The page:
Forecasters are watching the next storm pattern closely as they try to predict where and how much snow will fall early next week.
"We're monitoring the situation closely, but there's still a lot of uncertainty in our computer models," said Jason Deese, a meteorologist with the National Weather Service in Peachtree City. "The one we're really looking at is developing Monday afternoon into Monday evening with the same low pressure that developed like the last storm."
However, the upcoming snow flurries won't look anything like the inches that fell Jan. 9.
"This one won't be nearly as strong as last week," he said. "In the Hall County area, there will be some mix of snow or rain. This weekend we should see more complete computer models for Monday."
On Friday morning, the National Weather Service issued a hazardous weather outlook for Northeast Georgia over the weekend, indicating that a winter storm would hit during the early part of the week.
"Perhaps Tuesday or Wednesday. However ... details are very sketchy at this point in time," the notice stated. "It is still too early to know whether the event will feature more snow or ice or rain or how much precipitation will fall."
Most of metro Atlanta and Northeast Georgia missed snow flurries that were predicted to fall Thursday night, but a few snowflakes landed near the state border in Towns, Union and White counties.
Forecasters expect some flurries this morning, but any precipitation should end by early afternoon.
Local governments and road crews are anticipating what forecasters will decide about Monday's uncertain batch of precipitation.
"We are ready, and we will respond when needed," Teri Pope, spokeswoman for the Georgia Department of Transportation's Gainesville-based District 1, said Friday.
"We scraped snow in Towns, Union and White counties this morning, where snow started falling after 1:30 this morning. We had one crew out in each county, hitting the known trouble spots and making sure main state routes were free of snow for the morning's commute."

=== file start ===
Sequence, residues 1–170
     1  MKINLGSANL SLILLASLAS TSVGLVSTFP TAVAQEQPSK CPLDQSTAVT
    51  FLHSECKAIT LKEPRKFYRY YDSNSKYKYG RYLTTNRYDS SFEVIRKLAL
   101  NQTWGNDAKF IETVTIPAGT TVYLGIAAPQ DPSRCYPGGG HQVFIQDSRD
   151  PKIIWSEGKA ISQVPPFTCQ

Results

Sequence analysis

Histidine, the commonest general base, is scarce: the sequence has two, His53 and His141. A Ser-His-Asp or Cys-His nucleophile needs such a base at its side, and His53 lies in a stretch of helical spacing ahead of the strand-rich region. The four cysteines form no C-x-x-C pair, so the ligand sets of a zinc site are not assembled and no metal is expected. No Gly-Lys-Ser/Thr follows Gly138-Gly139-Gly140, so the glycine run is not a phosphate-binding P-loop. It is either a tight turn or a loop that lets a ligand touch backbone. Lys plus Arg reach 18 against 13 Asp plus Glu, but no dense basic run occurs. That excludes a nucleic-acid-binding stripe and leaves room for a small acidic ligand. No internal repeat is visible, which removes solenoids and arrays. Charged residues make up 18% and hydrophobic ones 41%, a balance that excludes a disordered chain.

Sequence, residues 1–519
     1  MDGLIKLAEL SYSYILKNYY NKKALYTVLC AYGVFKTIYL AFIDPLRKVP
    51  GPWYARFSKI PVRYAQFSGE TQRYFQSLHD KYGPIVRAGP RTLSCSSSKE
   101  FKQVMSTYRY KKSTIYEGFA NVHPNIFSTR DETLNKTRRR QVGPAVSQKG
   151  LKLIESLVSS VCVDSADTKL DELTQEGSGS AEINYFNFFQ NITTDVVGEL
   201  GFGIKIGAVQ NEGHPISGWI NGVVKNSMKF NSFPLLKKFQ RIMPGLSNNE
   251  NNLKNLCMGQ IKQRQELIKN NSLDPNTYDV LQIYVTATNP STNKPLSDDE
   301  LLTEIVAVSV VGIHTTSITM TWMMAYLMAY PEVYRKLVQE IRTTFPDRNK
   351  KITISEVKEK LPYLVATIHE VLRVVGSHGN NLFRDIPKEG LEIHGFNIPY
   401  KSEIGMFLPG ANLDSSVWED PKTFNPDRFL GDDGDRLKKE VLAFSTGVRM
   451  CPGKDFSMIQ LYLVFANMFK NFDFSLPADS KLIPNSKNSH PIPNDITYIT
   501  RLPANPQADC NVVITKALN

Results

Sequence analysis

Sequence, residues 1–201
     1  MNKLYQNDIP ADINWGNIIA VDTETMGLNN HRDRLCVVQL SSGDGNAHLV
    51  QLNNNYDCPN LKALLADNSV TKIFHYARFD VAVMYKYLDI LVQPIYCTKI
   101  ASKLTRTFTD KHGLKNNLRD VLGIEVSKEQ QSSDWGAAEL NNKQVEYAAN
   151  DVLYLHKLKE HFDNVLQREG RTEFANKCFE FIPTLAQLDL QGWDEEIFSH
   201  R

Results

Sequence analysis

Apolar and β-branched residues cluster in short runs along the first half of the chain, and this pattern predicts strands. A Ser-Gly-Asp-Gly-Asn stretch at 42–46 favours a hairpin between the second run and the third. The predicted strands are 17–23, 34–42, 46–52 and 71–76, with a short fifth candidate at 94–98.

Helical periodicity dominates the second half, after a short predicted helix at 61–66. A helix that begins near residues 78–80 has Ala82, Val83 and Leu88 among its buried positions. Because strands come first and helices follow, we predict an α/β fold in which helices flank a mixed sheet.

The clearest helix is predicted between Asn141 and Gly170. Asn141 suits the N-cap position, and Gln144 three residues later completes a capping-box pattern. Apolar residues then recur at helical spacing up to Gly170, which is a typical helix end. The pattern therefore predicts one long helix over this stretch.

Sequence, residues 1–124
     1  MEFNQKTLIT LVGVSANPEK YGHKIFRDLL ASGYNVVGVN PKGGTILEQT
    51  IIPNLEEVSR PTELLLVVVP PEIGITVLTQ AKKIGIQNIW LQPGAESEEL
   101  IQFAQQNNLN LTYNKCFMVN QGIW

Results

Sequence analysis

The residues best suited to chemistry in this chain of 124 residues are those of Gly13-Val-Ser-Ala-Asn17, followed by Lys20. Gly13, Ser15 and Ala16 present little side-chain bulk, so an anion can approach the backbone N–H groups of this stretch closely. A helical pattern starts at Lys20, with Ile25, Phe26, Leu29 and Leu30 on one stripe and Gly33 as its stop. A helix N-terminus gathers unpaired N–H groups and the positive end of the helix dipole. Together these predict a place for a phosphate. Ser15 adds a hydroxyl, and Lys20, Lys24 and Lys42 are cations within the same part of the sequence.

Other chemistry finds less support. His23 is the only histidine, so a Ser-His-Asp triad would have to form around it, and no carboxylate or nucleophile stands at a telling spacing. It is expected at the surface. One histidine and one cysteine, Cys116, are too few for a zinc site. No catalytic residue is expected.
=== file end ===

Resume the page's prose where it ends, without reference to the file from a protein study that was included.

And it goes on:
District 1's DOT crews gather weather information from both National Weather Service offices in Atlanta and South Carolina.
"We check those updates several times a day," she said. "The most important factor is what's happening locally on the roads, and local law enforcement agencies talk directly to our maintenance people there on a regular basis."
For Monday's storm, crews aren't preparing for any extremes.
"We're not planning on bringing in shifts of people to work," Pope said. "But we are always on call, especially during the winter."
Though the latest rash of winter storms seems out of the norm for Georgia, the U.S. Drought Monitor placed Hall County in an "abnormally dry" category as of Tuesday, with portions of the state experiencing moderate to extreme drought. Only two counties in Georgia have no drought-like conditions.
"The drought is forecast to continue across the southeastern U.S. ..." the National Weather Service Climate Prediction Center released Thursday. "The drought (in Hall County) may persist or intensify."
Lake Lanier stood at 1,069.15 feet on Friday night, less than a foot below winter full pull of 1,070.
The climate center will give the next drought update on Feb. 3.